We empirically analyze the nature and determinants of individuals’ decision to seek care on condition of sickness reporting using data from the Uganda National Household Survey in 2002/03. The main conclusions are that health-care costs are regressive, and that sustainability affects poorer people’s health-care utilization for any formal provider after controlling for other characteristics. To put it another way, even among public facilities, the expense of care remains a deterrent to using these services. Second, there is no question that implementing initiatives to improve the poor’s income will increase their use of health care facilities, however the impact will be greater for private care. Third, in addition to income and health-care costs, other factors such as service quality, education, and physical access, as measured by distance to facilities, are major drivers of health-care consumption. Four, while it is critical for the government to improve service delivery in public facilities, incentives should be implemented to encourage and strengthen the private sector’s engagement. At the same time, a regulatory structure, set of standards, and a monitoring framework are required to ensure quality of services and price control in the private sector, particularly in the private for profit sub-sector. Even after cost sharing was abolished, there is clearly a growing demand for the sector’s services.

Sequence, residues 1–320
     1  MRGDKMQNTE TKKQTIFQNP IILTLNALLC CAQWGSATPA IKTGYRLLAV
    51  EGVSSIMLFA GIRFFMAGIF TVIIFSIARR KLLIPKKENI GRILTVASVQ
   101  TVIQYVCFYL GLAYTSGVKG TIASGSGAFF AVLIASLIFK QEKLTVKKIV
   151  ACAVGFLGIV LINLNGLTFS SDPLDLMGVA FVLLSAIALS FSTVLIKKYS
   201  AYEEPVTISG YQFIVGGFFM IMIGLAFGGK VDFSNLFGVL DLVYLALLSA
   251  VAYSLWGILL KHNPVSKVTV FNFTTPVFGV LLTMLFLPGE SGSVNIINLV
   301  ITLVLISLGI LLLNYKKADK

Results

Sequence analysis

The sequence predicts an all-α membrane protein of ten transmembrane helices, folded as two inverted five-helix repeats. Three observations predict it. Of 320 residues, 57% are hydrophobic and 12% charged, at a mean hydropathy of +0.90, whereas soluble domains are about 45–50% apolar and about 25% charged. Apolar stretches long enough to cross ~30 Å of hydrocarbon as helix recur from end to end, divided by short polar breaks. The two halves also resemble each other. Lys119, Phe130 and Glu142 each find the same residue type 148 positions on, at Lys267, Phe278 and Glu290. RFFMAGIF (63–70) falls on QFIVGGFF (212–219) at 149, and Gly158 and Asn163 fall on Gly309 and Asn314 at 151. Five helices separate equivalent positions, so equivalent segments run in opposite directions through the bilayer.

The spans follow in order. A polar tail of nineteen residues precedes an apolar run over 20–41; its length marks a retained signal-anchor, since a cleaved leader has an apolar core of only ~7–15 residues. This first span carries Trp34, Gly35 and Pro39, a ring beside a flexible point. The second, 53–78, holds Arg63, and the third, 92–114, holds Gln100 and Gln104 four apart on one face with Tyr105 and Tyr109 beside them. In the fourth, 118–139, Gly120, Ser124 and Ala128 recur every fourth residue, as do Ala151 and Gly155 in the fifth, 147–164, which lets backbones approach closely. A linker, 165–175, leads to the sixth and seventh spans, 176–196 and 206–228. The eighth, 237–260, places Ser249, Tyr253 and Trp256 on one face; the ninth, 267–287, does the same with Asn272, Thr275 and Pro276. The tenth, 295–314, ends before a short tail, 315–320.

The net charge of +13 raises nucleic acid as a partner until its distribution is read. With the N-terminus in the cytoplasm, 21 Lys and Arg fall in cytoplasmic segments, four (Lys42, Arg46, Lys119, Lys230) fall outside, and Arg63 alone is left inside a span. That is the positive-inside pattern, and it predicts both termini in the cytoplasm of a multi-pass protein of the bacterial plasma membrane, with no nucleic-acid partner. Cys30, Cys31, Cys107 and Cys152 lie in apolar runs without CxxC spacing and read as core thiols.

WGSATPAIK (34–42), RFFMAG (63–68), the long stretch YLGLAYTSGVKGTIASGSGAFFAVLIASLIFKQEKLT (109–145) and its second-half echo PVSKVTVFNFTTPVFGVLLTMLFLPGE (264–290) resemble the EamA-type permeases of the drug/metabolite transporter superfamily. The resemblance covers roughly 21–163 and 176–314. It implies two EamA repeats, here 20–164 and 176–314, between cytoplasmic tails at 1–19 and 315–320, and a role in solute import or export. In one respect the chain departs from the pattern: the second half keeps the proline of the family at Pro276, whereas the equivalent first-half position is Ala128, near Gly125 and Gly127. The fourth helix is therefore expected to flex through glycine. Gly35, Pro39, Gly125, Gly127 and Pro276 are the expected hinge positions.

Leave a Comment